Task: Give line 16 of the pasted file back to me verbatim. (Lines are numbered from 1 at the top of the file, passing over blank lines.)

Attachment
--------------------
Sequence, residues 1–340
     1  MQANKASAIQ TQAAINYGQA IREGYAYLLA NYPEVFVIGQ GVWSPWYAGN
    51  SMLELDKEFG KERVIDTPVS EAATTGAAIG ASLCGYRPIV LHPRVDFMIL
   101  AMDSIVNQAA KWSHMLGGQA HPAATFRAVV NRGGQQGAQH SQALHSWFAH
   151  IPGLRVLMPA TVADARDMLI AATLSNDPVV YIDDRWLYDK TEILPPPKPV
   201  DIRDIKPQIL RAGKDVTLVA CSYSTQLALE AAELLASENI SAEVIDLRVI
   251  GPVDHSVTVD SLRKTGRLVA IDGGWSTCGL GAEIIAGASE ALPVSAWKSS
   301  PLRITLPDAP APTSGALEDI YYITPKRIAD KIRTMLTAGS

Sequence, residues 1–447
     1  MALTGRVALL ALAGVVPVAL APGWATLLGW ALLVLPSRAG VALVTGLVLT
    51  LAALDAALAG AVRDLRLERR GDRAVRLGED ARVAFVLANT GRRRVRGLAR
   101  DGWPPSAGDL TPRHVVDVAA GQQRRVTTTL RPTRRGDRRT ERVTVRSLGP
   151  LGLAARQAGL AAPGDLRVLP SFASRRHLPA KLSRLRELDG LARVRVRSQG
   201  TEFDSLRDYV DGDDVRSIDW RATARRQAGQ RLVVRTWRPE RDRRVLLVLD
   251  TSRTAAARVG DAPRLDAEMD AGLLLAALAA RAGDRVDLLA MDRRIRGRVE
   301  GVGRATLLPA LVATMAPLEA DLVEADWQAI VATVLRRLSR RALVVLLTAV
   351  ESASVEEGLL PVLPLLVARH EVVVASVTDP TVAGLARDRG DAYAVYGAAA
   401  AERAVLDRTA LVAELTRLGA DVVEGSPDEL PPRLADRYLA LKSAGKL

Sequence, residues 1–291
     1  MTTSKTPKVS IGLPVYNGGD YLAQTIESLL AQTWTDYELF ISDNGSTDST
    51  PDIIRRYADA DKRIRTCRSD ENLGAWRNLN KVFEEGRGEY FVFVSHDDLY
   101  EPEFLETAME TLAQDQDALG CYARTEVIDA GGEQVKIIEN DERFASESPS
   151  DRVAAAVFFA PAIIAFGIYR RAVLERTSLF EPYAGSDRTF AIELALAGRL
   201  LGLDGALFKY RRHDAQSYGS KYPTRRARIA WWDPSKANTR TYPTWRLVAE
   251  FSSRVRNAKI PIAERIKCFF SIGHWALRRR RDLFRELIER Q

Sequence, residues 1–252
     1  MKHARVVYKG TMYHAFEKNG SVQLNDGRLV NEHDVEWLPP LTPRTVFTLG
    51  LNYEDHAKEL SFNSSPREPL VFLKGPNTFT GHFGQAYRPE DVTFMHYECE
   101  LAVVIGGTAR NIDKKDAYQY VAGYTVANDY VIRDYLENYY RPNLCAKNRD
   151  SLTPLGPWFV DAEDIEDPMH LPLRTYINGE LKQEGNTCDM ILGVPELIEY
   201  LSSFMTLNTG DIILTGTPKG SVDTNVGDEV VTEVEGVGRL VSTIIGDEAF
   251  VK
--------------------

   301  GVGRATLLPA LVATMAPLEA DLVEADWQAI VATVLRRLSR RALVVLLTAV